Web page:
Charles Bryant: Yeah. Thomas Sowell is an economist and he he won’t call it trickle down economics because he thinks it literally benefits the workers immediately in first because in the idealized version they’re going to reinvest in the very first thing that’s going to happen is they’re going to put people to work and people are going to have jobs. So yeah he won’t he’s not going to call it trickle down theory because he thinks it works literally the opposite way.
Josh Clark: No I read a column in The National Review by him and he’s like you’ll never find a legitimate economist a history of economic theories and policies and analysis you’ll never find trickle down economics anywhere you like it drives him crazy that people call it that because it has such a negative association and elitist wealthy association.
Charles Bryant: Yeah and you know when you if you’re during election time or during if you see these big tax cuts for the wealthy if it makes your blood boil because you think these people are obviously in the hip pocket of the politician that may be true but you can still remove yourself from that and look at the theory itself. Does it work or does it not.
Josh Clark: And we will do that after this.
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Josh Clark: So Chuck let’s do just that passionless run down of how a trickle down supply side tax policy works.
Charles Bryant: Yeah I mean it’s got to be passionless with me because I have no idea. I can’t argue hard for any side because I read so many articles disputing one another completely that I have no idea.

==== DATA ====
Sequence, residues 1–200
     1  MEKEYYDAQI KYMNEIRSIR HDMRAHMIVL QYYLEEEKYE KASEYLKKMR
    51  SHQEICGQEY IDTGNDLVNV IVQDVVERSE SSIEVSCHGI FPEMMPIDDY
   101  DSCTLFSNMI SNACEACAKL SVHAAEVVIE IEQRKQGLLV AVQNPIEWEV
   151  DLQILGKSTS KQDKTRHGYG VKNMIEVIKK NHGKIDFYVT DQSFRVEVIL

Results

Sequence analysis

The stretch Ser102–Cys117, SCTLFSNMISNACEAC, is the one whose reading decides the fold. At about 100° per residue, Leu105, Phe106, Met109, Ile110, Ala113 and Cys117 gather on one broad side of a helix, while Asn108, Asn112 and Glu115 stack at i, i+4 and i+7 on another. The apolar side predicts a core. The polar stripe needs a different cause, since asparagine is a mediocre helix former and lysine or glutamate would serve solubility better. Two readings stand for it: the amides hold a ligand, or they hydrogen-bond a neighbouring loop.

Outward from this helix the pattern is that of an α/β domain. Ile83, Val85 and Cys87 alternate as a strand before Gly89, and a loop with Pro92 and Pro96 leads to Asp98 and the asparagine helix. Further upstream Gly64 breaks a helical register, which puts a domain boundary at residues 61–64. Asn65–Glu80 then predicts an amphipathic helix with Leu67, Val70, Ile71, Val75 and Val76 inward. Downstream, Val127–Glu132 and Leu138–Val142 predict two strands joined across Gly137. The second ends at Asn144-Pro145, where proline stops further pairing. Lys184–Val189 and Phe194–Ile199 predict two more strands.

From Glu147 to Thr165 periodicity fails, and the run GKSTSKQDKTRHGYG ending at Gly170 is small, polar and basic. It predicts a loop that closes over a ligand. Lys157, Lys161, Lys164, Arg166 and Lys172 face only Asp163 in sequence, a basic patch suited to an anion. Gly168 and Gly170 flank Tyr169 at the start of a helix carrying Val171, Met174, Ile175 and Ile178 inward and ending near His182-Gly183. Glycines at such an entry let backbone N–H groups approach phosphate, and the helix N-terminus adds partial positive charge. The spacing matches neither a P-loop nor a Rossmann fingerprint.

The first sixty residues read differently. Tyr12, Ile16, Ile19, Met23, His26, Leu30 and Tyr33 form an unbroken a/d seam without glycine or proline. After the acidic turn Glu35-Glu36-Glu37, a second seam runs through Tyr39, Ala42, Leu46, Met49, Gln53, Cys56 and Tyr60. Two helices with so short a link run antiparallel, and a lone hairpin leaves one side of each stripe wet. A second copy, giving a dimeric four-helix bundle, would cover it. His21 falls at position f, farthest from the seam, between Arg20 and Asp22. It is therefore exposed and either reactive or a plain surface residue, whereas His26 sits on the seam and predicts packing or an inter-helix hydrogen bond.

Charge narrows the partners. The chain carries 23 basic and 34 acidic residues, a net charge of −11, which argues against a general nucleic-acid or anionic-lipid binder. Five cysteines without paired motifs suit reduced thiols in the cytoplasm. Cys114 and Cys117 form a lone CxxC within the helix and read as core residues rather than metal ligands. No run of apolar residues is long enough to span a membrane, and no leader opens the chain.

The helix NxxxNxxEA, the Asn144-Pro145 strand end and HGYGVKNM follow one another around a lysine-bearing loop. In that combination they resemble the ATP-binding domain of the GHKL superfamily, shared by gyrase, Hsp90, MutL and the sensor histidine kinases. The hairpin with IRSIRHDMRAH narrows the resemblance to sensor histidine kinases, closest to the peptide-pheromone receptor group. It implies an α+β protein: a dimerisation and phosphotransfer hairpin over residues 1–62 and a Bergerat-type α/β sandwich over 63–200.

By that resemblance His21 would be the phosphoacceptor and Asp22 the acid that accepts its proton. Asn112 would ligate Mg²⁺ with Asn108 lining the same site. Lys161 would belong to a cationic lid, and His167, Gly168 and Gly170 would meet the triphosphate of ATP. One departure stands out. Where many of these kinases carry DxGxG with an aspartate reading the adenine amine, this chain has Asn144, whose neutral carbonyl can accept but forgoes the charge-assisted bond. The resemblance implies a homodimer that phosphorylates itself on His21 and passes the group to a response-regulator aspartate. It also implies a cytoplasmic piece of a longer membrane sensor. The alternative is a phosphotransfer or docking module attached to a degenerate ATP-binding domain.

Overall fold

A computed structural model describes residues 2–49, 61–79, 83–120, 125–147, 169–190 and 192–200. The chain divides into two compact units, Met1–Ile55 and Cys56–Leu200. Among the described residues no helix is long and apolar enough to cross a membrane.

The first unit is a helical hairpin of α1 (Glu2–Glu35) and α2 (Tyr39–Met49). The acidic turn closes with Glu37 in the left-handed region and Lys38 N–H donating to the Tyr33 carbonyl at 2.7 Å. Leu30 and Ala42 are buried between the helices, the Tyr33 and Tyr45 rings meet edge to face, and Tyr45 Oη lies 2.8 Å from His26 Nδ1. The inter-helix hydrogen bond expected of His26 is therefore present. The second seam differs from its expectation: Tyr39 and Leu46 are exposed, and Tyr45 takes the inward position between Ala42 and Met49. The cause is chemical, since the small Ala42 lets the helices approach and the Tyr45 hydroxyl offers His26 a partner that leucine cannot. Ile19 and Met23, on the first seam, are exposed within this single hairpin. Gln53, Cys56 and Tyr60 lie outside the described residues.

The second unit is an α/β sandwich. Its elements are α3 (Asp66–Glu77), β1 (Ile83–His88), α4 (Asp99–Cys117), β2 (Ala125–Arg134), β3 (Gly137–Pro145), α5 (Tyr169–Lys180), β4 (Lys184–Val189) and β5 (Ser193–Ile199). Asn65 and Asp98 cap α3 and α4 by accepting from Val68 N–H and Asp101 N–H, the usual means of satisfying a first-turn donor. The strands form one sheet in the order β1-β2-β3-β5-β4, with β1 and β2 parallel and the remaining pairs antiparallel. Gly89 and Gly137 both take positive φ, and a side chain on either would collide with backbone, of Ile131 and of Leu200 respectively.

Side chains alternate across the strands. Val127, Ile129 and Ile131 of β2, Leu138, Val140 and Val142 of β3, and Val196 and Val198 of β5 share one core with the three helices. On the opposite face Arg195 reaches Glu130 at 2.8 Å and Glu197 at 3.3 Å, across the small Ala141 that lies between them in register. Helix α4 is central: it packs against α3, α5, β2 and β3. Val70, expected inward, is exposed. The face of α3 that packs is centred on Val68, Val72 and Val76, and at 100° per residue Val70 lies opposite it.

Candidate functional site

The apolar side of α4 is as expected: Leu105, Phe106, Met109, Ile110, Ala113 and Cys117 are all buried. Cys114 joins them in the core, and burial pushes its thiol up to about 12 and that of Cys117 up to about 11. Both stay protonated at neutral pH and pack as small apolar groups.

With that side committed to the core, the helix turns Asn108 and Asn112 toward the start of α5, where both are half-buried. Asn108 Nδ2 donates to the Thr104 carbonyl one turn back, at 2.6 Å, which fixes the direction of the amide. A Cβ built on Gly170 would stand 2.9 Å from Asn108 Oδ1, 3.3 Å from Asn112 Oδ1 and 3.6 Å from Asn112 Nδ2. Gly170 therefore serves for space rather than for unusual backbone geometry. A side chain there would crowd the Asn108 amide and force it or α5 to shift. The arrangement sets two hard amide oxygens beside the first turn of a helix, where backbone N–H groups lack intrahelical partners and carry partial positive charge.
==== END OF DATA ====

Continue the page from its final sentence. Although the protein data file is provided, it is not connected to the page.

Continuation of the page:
Josh Clark: So OK so we’re in a recession.
Charles Bryant: Yeah.
Josh Clark: And there’s a discussion is it supply or demand that you want to stimulate. Well with supply side economics trickle down is what you call it in the vernacular. You want to stimulate the supply because under this belief if you stimulate the supply the the people who are producing stuff will have stuff for sale and people will buy it and more money will enter the economy and things will get back to normal.
Charles Bryant: Yes.
Josh Clark: Because the the basis of this is that people still work during recessions and since they are working they have money to buy things. Not everybody is working but you can handle the idea that not everybody’s working by getting production going again because that creates jobs. And that in turn generates even more income gains.
Charles Bryant: That is passionless.
Josh Clark: So how do you do that? According to trickle down supply side tax policy. You cut the tax rates of the wealthiest people. You incentivize them to keep working harder and harder because they get to keep more and more of it themselves. On the hope that rather than keeping it themselves hoarding they will inject it into the economy through things like investing expanding their businesses hiring more people opening new businesses and taking that investment and making more money themselves.
Josh Clark: But in the meantime spreading the wealth around through things like wages and tax revenues.
Charles Bryant: Through minimum wages.
Josh Clark: So that is supply side tax policy and whether it works or not. The jury’s still out. I did find something from the FairEconomy.org which I have to say I don’t know whether they’re nonpartisan or liberal. They definitely didn’t strike me as conservative but so take it however you want.
Josh Clark: But they took the tax rates the top tax rate and its changes from 1954 to 2002. And they took the changes to that top top tax rate the highest here which is the one you’re supposed to cut under this type of tax policy.
Josh Clark: And they juxtaposed it against four different economic indicators. Growth in the gross domestic product which is kind of like the indicator of the overall health of the economy. Income growth rate which is you know how the average American’s wealth grows. I think changes to unemployment and the growth of the hourly wage.